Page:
Viv founders Adam Cheyer, Dag Kittlaus, and Chris Brigham | Photo courtesy of Wired
The crew's latest project, called "Viv," was unveiled on Tuesday in a new profile from Wired. Viv is variously referred to throughout the piece as a "radical new AI" and "potentially very big," with company cofounder Adam Cheyer going so far as to say that his goal is to "fundamentally change the way software is built."
Cheyer, along with partners Doug Kittlaus and Chris Brigham, boast the pedigree to back up their assertions. The three are credited for the invention of Siri as we know it today, following its separation from research firm SRI International, who developed its language processing capabilities for the Department of Defense's research arm.
They sold Siri to Apple in 2010, and eventually left the Cupertino giant one-by-one after Siri's debut in the iPhone 4S. After getting back together two years ago, they brought in a number of artificial intelligence experts -- including researcher Mark Gabel from the University of Texas at Dallas and IBM's David Gondek, who worked on Big Blue's Watson.
Despite the lofty goals, what Viv actually seems to be is a kind of "Siri expansion pack." Where Siri represented a revolutionary step in natural language processing, Viv appears at first blush to be more evolutionary.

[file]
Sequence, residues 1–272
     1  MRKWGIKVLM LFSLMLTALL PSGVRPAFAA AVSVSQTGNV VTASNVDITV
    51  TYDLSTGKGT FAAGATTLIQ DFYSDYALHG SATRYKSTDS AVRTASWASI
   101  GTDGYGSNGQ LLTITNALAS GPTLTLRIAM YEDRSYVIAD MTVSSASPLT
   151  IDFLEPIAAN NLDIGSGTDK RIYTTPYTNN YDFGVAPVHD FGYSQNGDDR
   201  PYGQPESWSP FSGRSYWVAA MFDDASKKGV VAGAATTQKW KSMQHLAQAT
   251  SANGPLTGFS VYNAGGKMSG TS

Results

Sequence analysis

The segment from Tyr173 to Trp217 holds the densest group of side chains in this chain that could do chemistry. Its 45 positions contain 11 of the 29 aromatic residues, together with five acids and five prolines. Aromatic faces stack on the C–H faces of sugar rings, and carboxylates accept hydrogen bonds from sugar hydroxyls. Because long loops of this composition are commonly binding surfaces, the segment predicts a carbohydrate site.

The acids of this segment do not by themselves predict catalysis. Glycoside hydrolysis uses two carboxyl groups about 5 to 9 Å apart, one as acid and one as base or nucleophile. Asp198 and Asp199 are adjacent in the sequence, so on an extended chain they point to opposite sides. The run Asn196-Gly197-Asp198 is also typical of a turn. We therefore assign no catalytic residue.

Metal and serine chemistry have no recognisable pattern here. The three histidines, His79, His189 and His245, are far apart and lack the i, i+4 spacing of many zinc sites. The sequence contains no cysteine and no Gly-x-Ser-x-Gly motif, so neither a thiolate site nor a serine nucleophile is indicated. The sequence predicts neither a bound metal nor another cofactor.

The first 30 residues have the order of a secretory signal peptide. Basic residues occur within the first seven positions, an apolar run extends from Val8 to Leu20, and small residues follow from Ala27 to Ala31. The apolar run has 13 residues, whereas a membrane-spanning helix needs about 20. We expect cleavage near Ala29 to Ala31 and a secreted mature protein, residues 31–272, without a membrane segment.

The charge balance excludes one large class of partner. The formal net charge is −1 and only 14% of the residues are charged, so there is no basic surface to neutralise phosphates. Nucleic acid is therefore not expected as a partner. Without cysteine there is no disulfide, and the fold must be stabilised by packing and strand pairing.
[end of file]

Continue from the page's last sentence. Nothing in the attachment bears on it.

Rather than conceptually redefining artificial intelligence, as is suggested, Viv instead logically blends together an enormous number of backend services -- one example has the system mingle ingredient lists with wine pairing databases, point-of-interest data, retail catalogs and routing information to tell the user where he can pick up a cheap bottle of wine that goes well with lasagna on the way to his brother's house.
Such a feat is impressive, to be sure. Former Google Now product chief Vishal Sharma was said to be "blown away" by the pasta-centric demonstration, saying that he didn't "know any system in the world that could answer a question like that."
Another example, given by Kittlaus, leaves a slightly different impression.
"Google Now has a huge knowledge graph--you can ask questions like 'Where was Abraham Lincoln born?' And it can name the city," Kittlaus said. "You can also say, 'What is the population?' of a city and it'll bring up a chart and answer. But you cannot say, 'What is the population of the city where Abraham Lincoln was born?'"
Google Now may not be able to answer that question, but Apple's Siri already can. Thanks to integration with Wolfram Research's Wolfram Alpha computational knowledge engine, Siri promptly informs users that the population of Lincoln's hometown of Hodgenville, Kentucky was approximately 3,232 people as of 2012.
Apple is also moving rapidly to enhance Siri. Since its introduction, the digital assistant has added deeper integration with iPhone and iPad hardware, and will gain real-time voice recognition and song identification functionality in the forthcoming iOS 8.
Even Viv's backers are cautious of its future prospects. "Many things can go wrong, but I would like to see something like this exist," Sharma added.
"Viv is potentially very big, but it's all still potential," said Siri funder Gary Morgenthaler, before adding that he has "very high confidence" that the Viv team can pull it off. "I only have doubt as to when and how."